The Summer of Now and Next

Summer 2017 reading


Among one of the too many edu-blogs that I read I recently come across a photo of a teacher who prints out what she is currently learning and tapes it to the door frame on the outside of her classroom so her students can see it when they walk in.

I first came across the idea of encouraging others (teachers, administrators, etc.) to observe a teacher just for the sake of getting feedback from Robert Kaplinsky. He started the #Observeme (click to see his blog post about it) campaign where he posts a few goals outside his classroom and invites others in to see if those goals are being met while he is teaching. (Check out the hashtag on Twitter to see what teachers are doing).

I like that idea. It needs to happen this year for me.


So, what’s new?

I’ve invested a lot of my professional reading this summer to a fairly interesting idea. It is very much a “so far” type of idea. As in, here’s what I’ve read/thought about and tried so far. It’s a bit similar to the “not yet” concept I like to repeat – almost as a mantra – to students. You haven’t learned something “yet.” Or, when I am coaching whatever sport I happen to be at any one time (soccer, basketball, baseball), I encourage the athletes to keep trying a new idea or a new move and that it will take time to learn it.  


So, how does a gradeless class sound?

Going Gradeless. This idea has me very excited with some uncertainty. Gradeless doesn’t mean not giving any grades as every teacher has to, in the least, assign a grade for every progress report. Per our teacher contract, a grade needs to be assigned 3 times a semester.

What going gradeless means is a fairly radical shift from grading, which is fraught with of all sorts of issues, to learning.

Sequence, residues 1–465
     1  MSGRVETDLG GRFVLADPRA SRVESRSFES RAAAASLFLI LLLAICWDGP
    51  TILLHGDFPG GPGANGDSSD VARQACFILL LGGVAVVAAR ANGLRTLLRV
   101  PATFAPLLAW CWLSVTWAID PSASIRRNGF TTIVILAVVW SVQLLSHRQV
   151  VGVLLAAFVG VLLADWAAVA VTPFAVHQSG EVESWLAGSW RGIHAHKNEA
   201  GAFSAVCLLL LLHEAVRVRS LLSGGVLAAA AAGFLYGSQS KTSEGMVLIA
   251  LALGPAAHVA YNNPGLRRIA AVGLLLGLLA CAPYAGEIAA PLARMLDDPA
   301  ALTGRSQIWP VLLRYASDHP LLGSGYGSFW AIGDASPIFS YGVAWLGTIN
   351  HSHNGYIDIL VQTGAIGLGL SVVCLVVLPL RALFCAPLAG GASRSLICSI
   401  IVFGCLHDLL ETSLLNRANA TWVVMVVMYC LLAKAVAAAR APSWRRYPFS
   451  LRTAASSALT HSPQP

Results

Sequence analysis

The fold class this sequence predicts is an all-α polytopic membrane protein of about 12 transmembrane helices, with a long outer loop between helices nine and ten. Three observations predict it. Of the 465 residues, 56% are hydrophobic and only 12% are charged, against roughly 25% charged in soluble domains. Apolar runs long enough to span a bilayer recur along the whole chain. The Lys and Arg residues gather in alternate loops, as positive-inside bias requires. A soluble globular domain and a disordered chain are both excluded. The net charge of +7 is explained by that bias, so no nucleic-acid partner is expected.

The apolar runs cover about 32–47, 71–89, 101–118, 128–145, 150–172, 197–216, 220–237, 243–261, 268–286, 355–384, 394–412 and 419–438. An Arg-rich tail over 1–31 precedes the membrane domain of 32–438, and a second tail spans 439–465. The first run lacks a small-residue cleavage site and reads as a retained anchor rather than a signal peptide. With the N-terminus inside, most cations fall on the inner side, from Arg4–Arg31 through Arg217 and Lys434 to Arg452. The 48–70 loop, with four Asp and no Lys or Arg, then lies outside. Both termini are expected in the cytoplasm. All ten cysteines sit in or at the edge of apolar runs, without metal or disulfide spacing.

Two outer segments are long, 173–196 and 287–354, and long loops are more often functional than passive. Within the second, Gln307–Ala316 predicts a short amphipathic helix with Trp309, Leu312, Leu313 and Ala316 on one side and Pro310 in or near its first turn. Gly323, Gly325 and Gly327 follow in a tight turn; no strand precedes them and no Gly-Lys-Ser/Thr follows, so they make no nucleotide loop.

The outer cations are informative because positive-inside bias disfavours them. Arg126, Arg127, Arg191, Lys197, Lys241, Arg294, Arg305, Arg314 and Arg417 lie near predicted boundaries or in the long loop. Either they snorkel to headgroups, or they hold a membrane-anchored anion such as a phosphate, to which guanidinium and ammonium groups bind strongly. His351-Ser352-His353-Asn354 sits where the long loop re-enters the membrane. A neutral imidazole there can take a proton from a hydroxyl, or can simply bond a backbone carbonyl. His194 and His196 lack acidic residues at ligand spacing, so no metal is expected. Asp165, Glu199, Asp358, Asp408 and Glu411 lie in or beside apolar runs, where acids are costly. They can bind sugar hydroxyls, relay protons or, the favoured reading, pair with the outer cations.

By the way:

  1. There’s grading issues at Harvard
  2. The median grade at Harvard is an A-.
  3. More Harvard: “In 1969, 7 percent of undergraduates had grades of A- or higher in contrast to 41 percent now(So, there’s more smart students at Harvard now?)
  4. Lastly, but not a Harvard note, is this: grade inflation is just not at college. As SAT scores continue to drop, the average high school GPA in the USA: 3.38. (So, more students are doing HW more often, with better results?)


What is learning and how do you measure it?

This is the hard part, but this is where the radical shift in education needs to go. This is, hopefully, at the heart of many conversations between among teachers, and between teachers, students and their families (or, at least where the conversations need to be).

A gradeless classroom will focus on learning. The exciting thing, to me (natch), is that going gradeless asks a lot out of the students. This is that “rigor” thing that education strives for. A gradeless classroom asks that students argue for their grades. But before students think “I’m great at arguing” or “I hate confrontation” that’s not what it is about. This means students:

  1. Have to understand the standards.  
  2. Identify how and where, specifically, they have met those standards throughout the semester, or where (on a continuum) they fall in their attempts to meet the standards.

As this is still a fairly new concept to me, I’ve come to terms with just how much more I’ll need to read, discuss (also with students) and learn about before I’m comfortable making the complete switch.


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